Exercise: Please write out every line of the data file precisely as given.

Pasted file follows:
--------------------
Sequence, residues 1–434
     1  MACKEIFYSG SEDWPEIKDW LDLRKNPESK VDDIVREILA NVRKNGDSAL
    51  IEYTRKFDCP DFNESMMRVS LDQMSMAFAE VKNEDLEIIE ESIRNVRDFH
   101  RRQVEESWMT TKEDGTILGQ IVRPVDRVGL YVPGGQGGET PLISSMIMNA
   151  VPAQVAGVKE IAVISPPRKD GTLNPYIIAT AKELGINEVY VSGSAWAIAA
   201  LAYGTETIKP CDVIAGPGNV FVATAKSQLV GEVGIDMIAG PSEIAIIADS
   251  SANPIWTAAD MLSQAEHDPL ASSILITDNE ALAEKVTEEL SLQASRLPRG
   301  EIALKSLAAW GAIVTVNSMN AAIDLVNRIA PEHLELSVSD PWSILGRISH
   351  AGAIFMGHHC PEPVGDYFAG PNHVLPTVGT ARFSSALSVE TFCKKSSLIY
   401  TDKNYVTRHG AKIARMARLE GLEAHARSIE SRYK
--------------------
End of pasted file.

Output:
Sequence, residues 1–434
     1  MACKEIFYSG SEDWPEIKDW LDLRKNPESK VDDIVREILA NVRKNGDSAL
    51  IEYTRKFDCP DFNESMMRVS LDQMSMAFAE VKNEDLEIIE ESIRNVRDFH
   101  RRQVEESWMT TKEDGTILGQ IVRPVDRVGL YVPGGQGGET PLISSMIMNA
   151  VPAQVAGVKE IAVISPPRKD GTLNPYIIAT AKELGINEVY VSGSAWAIAA
   201  LAYGTETIKP CDVIAGPGNV FVATAKSQLV GEVGIDMIAG PSEIAIIADS
   251  SANPIWTAAD MLSQAEHDPL ASSILITDNE ALAEKVTEEL SLQASRLPRG
   301  EIALKSLAAW GAIVTVNSMN AAIDLVNRIA PEHLELSVSD PWSILGRISH
   351  AGAIFMGHHC PEPVGDYFAG PNHVLPTVGT ARFSSALSVE TFCKKSSLIY
   401  TDKNYVTRHG AKIARMARLE GLEAHARSIE SRYK